2) Clearly articulate the value that you added to your former/current employers. I like a Value, Action, Method format for bullets. Make sure that for each employer or job you put the biggest value at the top. (this tells me you know what is important, beyond just doing a job).

Example: <value> enabled 20% reduction in cost of admission processing <action> by delivering more efficient workflow and oversight <method> through implementation of BI dashboards in SSRS and BIZTalk workflow automation.

— don’t let your experience look like a job description. I see a lot of “responsible for this” or “participated in that” bullets. If you are hiring a QB for your football team, do you hire a QB who was responsible for calling plays, throwing passes and participated in running the offense? or do you hire one who scored 30 points per game, rushed for 100 yards, threw for 350 yards, had a 75% pass completion ratio over that last 3 seasons?

These tips apply to contributor roles as well: (developer, analysts, tester, sysadmin, network engineer, etc.) Continue Reading

Masterly Management

Don Gray wrote this post about management style entitled Managing in Mayberry. I thought that it was insightful. When I thought about the example he used, though, it was about a stable state system. It was managing to the status quo. Manager as remover of difficulty.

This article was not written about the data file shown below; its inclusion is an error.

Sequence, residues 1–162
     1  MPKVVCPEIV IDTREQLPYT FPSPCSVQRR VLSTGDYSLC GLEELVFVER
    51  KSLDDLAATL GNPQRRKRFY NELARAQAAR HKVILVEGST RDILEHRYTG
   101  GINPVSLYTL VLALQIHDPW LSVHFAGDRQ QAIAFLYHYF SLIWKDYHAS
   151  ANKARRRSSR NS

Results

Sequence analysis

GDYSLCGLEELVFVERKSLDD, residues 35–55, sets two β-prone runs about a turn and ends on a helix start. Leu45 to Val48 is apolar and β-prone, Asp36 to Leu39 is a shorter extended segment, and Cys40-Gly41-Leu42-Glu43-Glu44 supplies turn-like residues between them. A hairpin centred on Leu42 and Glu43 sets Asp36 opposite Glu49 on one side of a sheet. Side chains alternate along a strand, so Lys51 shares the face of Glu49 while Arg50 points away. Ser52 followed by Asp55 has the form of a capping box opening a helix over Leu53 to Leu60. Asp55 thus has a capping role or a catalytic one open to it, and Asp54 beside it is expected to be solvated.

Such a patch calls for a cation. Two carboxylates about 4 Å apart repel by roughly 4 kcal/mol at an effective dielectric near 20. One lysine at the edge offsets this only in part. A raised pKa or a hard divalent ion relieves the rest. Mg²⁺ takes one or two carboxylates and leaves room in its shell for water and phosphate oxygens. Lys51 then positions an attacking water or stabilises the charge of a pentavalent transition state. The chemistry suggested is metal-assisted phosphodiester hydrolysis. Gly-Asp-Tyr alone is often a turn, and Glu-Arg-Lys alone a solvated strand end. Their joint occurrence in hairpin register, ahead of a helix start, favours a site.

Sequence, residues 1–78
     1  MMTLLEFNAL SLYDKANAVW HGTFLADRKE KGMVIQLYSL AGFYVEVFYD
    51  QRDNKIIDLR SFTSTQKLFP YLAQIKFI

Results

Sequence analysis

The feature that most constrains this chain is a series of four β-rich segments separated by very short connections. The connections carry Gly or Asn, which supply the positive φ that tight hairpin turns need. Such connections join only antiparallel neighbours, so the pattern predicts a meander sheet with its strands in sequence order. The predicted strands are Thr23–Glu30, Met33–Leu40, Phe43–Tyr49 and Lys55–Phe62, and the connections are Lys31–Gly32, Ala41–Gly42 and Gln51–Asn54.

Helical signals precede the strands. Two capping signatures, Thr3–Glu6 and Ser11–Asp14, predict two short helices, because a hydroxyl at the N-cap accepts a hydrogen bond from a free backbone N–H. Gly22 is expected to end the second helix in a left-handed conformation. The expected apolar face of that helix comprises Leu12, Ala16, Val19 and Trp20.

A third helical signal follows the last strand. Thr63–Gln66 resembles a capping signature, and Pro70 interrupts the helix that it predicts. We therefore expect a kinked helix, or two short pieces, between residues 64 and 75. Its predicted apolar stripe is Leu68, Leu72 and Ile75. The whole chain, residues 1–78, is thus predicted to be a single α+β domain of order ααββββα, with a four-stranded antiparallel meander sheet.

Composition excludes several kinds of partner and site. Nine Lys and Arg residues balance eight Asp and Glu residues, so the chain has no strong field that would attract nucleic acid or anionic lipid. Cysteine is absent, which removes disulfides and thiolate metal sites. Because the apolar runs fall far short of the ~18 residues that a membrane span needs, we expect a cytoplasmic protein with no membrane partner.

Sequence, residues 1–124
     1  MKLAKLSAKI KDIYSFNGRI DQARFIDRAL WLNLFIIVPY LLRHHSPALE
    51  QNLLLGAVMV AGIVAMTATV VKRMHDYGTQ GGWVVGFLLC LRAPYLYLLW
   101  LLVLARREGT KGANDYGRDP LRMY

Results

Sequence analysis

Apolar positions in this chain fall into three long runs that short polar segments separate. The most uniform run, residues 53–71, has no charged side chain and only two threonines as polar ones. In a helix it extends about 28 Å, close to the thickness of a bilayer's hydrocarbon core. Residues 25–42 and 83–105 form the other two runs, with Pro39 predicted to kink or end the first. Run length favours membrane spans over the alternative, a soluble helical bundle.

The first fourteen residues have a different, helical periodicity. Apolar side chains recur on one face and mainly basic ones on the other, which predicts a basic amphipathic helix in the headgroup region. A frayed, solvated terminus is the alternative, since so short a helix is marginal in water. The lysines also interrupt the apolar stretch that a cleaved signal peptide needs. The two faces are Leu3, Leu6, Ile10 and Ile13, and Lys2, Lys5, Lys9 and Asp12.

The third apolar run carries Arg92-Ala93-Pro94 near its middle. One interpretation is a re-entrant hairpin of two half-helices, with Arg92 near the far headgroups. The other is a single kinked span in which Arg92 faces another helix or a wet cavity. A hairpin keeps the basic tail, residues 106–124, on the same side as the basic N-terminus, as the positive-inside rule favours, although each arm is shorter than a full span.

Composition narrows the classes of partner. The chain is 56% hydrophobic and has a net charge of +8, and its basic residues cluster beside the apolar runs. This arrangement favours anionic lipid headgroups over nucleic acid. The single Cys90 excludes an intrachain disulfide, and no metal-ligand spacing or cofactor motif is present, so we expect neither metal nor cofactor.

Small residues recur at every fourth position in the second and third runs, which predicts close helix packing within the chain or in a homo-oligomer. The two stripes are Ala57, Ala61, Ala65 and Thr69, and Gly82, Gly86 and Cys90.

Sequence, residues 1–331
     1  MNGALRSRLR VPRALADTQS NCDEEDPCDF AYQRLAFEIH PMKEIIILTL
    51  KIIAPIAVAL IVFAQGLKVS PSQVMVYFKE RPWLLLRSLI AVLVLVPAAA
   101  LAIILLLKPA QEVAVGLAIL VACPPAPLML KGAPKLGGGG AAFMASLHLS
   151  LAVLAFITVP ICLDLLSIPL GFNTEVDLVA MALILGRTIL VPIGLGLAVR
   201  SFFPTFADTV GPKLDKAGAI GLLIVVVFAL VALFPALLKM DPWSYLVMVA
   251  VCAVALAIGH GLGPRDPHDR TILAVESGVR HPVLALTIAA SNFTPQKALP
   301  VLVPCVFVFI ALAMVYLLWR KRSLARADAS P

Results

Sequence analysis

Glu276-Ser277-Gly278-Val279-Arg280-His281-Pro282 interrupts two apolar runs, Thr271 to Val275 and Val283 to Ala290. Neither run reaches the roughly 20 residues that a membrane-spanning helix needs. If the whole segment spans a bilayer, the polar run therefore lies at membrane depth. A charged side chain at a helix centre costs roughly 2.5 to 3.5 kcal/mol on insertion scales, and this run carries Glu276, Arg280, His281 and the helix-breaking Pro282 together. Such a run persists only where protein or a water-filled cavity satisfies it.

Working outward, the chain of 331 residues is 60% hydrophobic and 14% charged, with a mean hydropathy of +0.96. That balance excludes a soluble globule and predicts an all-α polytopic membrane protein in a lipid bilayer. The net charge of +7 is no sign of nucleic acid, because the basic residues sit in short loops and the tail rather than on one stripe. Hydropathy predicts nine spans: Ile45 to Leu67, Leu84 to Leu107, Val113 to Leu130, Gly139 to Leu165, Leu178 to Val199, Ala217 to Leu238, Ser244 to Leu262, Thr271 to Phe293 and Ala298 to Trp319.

Where is manager as practice improver? Certainly the masterly manager will have to do this at times. Waiting and watching, allowing others to propose, building consensus – all good. But facilitating practice improvement requires decision making, and sometimes those decisions are not universally popular. How would the masterly manager deal with individuals that “go passive” or outspokenly negative about the improvements? How would the masterly manager deal with practice improvements that require cooperation with customers, or other departments.Continue Reading

One Size Fits All (Not!)

Often I have railed against the stupidity of management, when designing one size fits all “round hole” policies. It is the single most abused policy anti-pattern in my experience.

Policy Structure:
For the purpose of this discussion, any policy can be divided into three components:


  • Benefits (why I need a policy at all)
  • Means (How we will get the benefits)
  • Measures (How we will know the policy is working).

Policies are often not “free”, in that there is some cost to implementing the policy. Policies often have “side effects” that are changes not specified in the benefits. These side effects can be positive or negative. Usually, the side effects of policies appear as we have to adjust business processes and practices to comply with the policy. These adjustments are evidence of “square pegs”, or gaps in the policy that do not contemplate the essential complexities of the business model.

The old aphorism – “if the only tool you have is a hammer, then every problem starts to look like a nail” derives from this type of anti-pattern.Continue Reading